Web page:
Full of Charm

Earlier this week I posted What a Whopper! which featured the gargantuan Peony ‘Red Charm’.  Now it is the turn of her more demure cousin, ‘Coral Charm’.

The flower bud has been tantalising me for weeks.  It is part of the peony’s allure that they start tickling your fancy in about March.


Their crimson shoots are the first of the herbaceous perennials to burst through the bare soil.  Then they unfurl their precision-cut foliage.

Then you get all excited when you spot the drumstick buds.

But don’t get too excited, because it’s going to be a long old wait.

The ants will primp and preen, like a rockstar’s entourage, touching up makeup and hair, making sure we are ready to roll.

And then finally, finally, when you’re just about ready to chew off the ends of your fingers, the curtain falls.

Peony ‘Coral Charm’ unfurling.

Can you believe that all of those petals were tucked up tight into a bud the size of a small plum?  And unlike a poppy, who is endearingly dishevelled first thing in the morning, the peony opens out perfectly coifed.  Compare:

Papaver orientale, freshly opened. Bed head.
Peony ‘Coral Charm’, like she just stepped out of the salon.

The peony’s charm is enhanced by sunlight.  This is at 4 o’clock in the afternoon.  The tips of the petals are illuminated, whilst the lower petals are in shade.  I love the deeper tones where the petals nestle and overlap, contrasted with the silken sunlit skirts.


The centre of the peony is paler than the outer petals.  These get more sun-faded, like vintage silk.  Here she is a couple of days later:

Peony ‘Coral Charm’

Here she is again, a little dishevelled after rain.  Just one representative of the ant entourage is back to see if she needs anything.  She’ll just shake her head and look perfect again.

Peony ‘Coral Charm’, coming out of the shower.

If we peer closely, we can see a few of the golden stamens, snuggled inside.

Peony ‘Coral Charm’, stamens just peeping.

The petals will open out to reveal a little coral reef of anemone-like golden stamens and fat green pods of carpels.


The petals will fade further, to pale peaches-and-cream.  I will come back to take a photo when this happens, and add a post-script.

Do you have a favourite peony?

My aim on this site is to share the sense of wonder I get from gardening and being outdoors. 

If you would like to join the joy, click on the ‘Follow’ button at the end of this post. You will receive an email each time I post a little pop of wonder. 

23 Comments Add yours

  1. janesmudgeegarden says:

    I have one peony that failed dismally in the hot spring we had last October, so I have to content myself with your beauties. You know, I rather like the Poppy’s unkempt appearance: it has a certain style. Devil-may-care?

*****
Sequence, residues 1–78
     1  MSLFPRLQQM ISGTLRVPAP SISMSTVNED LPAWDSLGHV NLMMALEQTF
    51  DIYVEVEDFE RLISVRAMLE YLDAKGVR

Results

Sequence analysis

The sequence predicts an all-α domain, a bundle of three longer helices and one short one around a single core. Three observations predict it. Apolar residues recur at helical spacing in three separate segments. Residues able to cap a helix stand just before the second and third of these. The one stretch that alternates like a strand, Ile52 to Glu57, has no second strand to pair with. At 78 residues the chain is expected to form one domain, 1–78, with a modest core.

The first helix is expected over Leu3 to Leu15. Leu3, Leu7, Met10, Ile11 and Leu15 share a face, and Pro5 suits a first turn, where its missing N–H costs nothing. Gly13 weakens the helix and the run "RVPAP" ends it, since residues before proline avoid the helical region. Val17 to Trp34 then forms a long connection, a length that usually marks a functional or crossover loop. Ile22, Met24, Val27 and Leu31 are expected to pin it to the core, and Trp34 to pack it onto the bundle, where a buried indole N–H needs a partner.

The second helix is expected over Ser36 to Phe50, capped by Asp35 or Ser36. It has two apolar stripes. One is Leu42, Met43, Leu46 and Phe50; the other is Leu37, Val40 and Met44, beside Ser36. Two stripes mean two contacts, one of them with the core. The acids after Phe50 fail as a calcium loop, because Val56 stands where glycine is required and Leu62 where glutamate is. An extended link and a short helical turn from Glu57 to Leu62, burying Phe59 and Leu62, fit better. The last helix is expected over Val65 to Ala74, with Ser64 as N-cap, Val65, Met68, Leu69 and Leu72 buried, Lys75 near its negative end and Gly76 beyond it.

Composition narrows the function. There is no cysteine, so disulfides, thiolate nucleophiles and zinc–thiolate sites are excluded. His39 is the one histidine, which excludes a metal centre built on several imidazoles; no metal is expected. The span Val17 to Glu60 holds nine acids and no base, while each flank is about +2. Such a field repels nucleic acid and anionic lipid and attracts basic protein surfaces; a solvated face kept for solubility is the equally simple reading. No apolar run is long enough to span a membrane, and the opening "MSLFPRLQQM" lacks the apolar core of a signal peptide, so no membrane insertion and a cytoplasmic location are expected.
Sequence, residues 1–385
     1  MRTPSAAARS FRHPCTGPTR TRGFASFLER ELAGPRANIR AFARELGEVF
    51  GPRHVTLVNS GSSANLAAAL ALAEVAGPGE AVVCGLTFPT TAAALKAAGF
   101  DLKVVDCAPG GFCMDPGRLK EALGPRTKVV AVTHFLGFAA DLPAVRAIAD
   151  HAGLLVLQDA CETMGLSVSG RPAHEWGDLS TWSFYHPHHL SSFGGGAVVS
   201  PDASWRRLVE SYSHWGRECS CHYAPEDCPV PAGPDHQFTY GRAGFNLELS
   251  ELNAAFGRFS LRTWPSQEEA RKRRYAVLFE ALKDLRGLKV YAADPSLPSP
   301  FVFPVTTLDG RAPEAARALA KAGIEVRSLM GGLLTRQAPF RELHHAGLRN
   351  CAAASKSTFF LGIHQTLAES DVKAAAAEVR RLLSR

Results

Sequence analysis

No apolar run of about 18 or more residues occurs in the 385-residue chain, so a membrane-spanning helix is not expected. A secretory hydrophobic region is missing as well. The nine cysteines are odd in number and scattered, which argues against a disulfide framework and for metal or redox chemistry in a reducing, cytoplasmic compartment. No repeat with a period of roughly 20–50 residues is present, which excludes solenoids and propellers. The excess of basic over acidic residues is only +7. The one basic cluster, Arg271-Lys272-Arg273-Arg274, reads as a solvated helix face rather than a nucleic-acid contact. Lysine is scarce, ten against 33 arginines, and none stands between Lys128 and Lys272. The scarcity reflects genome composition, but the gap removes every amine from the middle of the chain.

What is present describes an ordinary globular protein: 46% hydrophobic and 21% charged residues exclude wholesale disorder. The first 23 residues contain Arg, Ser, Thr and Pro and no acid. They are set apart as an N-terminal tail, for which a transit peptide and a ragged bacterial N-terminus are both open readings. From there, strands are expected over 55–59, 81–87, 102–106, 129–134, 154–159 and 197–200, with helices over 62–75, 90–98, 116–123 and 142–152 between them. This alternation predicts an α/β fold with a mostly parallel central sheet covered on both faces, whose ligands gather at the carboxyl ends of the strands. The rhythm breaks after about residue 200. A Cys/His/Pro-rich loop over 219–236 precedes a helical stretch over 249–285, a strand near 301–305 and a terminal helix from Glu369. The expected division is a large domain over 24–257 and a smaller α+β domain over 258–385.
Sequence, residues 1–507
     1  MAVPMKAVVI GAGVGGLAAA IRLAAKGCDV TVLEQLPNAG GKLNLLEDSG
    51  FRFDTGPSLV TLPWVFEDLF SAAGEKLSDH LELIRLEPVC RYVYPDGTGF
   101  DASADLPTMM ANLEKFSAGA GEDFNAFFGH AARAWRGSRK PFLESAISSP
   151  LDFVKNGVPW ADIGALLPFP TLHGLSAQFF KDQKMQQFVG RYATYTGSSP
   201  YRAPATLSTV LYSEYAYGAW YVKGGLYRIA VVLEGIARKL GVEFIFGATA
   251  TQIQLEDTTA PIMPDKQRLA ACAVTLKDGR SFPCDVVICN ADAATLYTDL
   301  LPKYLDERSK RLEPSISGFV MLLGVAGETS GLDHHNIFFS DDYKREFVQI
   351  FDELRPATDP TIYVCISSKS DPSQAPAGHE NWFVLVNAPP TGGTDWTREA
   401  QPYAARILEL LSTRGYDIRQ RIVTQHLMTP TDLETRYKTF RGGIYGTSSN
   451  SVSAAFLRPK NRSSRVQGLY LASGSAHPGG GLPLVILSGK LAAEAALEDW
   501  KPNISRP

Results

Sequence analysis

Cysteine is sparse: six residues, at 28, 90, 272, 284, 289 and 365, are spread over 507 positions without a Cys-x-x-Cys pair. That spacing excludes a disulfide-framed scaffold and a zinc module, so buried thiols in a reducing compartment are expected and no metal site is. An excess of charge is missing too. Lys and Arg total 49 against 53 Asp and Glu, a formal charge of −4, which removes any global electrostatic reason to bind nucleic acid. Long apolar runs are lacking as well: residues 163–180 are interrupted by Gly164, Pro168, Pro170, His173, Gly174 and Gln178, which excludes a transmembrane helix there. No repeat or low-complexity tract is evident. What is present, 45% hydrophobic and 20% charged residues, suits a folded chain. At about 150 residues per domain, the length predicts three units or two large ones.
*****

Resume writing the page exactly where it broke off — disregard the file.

1. Ali says:

      I agree. I don’t iron either.

  2. FlowerAlley says:

    I liked how you brought us along through the peony’s progression. They do pop like poppies. I still love Duchess de Nemours best, but my Sarah Bernhardt has never bloomed. Your two are show-stoppers.

    1. Ali says:

      ‘Duchess de Nemours’ is one of my favourites. I think I have two. I inherited what I think is ‘Duchess’ which I have moved this winter because it was under a tree. I also bought a back-up. I will have to see if they are the same peony, as they are both going to flower this time.

  3. One of my favorite peonies, Ali, and your description of its “silken sunlit skirts” is perfect! What a lovely post.

    1. Ali says:

      Thank you. I am glad you enjoyed it.

  4. bcparkison says:

    I do need on or two or three of these. Beautiful

  5. Tish Farrell says:

    Glorious unfurlings. My garden doesn’t have enough space for peonies, so lovely to see yours.

    1. Ali says:

      I’m glad you liked them, Tish.

  6. You are making me fall in love with peonies!

    1. Ali says:

      It is easy to do!

  7. Eliza Waters says:

    What a stunner! EVERY peony is my favorite peony -lol!

  8. Robyn Haynes says:

    What a beauty! I wish I could grow peonies but it’s too hot here.

    1. Ali says:

      It’s good to be able to see flowers we can’t grow ourselves, isn’t it?

      1. Robyn Haynes says:

        Absolutely! I used to grow them when I lived in colder climbs. Loved the white ones.

  9. pommepal says:

    The way you described the unfurling of this beauty made me look closer at her. I agree she is a star.

    1. Ali says:

      Writing this blog makes me look at everything closer, Pauline. I am amazed at how much I was missing!

  10. And here I am again…..gorgeous. My poppies are about to pop…haven’t yet though but I’ve noticed that there are a lot if flower buds.

  11. Yes, I do have a favourite peony. It is called Aunt Sherry and was named after a friend/cousin of mine. Unfortunately the peony didn’t last and the name (and the plant) are no more. Still, Aunt Sherry persist in my garden, a delight every June.

    1. Ali says:

      Ah, that is really special! Was your cousin connected with a plant-breeder?

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